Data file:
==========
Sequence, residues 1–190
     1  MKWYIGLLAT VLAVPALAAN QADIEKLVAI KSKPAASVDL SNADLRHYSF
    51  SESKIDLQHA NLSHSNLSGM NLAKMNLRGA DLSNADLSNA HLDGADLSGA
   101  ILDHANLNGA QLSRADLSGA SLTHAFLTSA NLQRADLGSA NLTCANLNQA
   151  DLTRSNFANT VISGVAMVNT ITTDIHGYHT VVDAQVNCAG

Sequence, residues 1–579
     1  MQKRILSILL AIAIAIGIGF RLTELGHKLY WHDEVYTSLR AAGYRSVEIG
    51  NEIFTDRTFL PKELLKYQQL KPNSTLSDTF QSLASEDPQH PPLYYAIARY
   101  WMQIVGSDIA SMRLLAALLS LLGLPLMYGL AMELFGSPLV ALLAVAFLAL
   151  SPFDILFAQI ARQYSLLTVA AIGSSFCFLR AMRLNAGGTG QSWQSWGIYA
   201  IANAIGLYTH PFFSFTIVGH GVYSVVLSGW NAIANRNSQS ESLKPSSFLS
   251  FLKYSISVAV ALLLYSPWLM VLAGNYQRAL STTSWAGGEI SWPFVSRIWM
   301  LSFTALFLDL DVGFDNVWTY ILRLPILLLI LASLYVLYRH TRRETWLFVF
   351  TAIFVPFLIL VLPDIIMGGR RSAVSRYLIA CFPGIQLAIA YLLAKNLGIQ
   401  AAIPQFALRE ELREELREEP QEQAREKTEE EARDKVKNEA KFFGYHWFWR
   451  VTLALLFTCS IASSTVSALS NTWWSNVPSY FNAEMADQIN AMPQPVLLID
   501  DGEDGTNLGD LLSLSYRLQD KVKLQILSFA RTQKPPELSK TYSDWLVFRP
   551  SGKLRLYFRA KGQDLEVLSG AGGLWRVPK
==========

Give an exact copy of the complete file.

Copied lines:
Sequence, residues 1–190
     1  MKWYIGLLAT VLAVPALAAN QADIEKLVAI KSKPAASVDL SNADLRHYSF
    51  SESKIDLQHA NLSHSNLSGM NLAKMNLRGA DLSNADLSNA HLDGADLSGA
   101  ILDHANLNGA QLSRADLSGA SLTHAFLTSA NLQRADLGSA NLTCANLNQA
   151  DLTRSNFANT VISGVAMVNT ITTDIHGYHT VVDAQVNCAG

Sequence, residues 1–579
     1  MQKRILSILL AIAIAIGIGF RLTELGHKLY WHDEVYTSLR AAGYRSVEIG
    51  NEIFTDRTFL PKELLKYQQL KPNSTLSDTF QSLASEDPQH PPLYYAIARY
   101  WMQIVGSDIA SMRLLAALLS LLGLPLMYGL AMELFGSPLV ALLAVAFLAL
   151  SPFDILFAQI ARQYSLLTVA AIGSSFCFLR AMRLNAGGTG QSWQSWGIYA
   201  IANAIGLYTH PFFSFTIVGH GVYSVVLSGW NAIANRNSQS ESLKPSSFLS
   251  FLKYSISVAV ALLLYSPWLM VLAGNYQRAL STTSWAGGEI SWPFVSRIWM
   301  LSFTALFLDL DVGFDNVWTY ILRLPILLLI LASLYVLYRH TRRETWLFVF
   351  TAIFVPFLIL VLPDIIMGGR RSAVSRYLIA CFPGIQLAIA YLLAKNLGIQ
   401  AAIPQFALRE ELREELREEP QEQAREKTEE EARDKVKNEA KFFGYHWFWR
   451  VTLALLFTCS IASSTVSALS NTWWSNVPSY FNAEMADQIN AMPQPVLLID
   501  DGEDGTNLGD LLSLSYRLQD KVKLQILSFA RTQKPPELSK TYSDWLVFRP
   551  SGKLRLYFRA KGQDLEVLSG AGGLWRVPK